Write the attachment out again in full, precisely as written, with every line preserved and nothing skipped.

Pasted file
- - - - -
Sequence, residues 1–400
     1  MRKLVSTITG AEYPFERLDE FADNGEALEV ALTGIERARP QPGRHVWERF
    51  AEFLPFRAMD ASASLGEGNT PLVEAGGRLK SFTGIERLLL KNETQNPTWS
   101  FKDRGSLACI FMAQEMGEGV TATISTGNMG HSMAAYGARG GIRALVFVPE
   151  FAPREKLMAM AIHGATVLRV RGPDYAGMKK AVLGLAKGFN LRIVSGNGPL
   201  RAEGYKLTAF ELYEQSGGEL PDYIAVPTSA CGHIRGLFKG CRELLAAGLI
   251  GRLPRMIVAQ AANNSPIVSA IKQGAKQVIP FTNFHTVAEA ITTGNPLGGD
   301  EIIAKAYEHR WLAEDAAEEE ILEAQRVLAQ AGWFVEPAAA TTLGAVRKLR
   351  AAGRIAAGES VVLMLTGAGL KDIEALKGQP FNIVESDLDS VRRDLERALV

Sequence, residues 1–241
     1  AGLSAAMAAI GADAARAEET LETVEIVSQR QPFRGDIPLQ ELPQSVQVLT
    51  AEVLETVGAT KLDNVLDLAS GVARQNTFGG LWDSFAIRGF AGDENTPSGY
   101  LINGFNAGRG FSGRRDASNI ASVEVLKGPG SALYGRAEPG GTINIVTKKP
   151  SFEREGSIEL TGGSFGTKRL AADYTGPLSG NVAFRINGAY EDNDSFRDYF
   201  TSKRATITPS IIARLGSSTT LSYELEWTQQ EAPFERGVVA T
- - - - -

Sequence, residues 1–400
     1  MRKLVSTITG AEYPFERLDE FADNGEALEV ALTGIERARP QPGRHVWERF
    51  AEFLPFRAMD ASASLGEGNT PLVEAGGRLK SFTGIERLLL KNETQNPTWS
   101  FKDRGSLACI FMAQEMGEGV TATISTGNMG HSMAAYGARG GIRALVFVPE
   151  FAPREKLMAM AIHGATVLRV RGPDYAGMKK AVLGLAKGFN LRIVSGNGPL
   201  RAEGYKLTAF ELYEQSGGEL PDYIAVPTSA CGHIRGLFKG CRELLAAGLI
   251  GRLPRMIVAQ AANNSPIVSA IKQGAKQVIP FTNFHTVAEA ITTGNPLGGD
   301  EIIAKAYEHR WLAEDAAEEE ILEAQRVLAQ AGWFVEPAAA TTLGAVRKLR
   351  AAGRIAAGES VVLMLTGAGL KDIEALKGQP FNIVESDLDS VRRDLERALV

Sequence, residues 1–241
     1  AGLSAAMAAI GADAARAEET LETVEIVSQR QPFRGDIPLQ ELPQSVQVLT
    51  AEVLETVGAT KLDNVLDLAS GVARQNTFGG LWDSFAIRGF AGDENTPSGY
   101  LINGFNAGRG FSGRRDASNI ASVEVLKGPG SALYGRAEPG GTINIVTKKP
   151  SFEREGSIEL TGGSFGTKRL AADYTGPLSG NVAFRINGAY EDNDSFRDYF
   201  TSKRATITPS IIARLGSSTT LSYELEWTQQ EAPFERGVVA T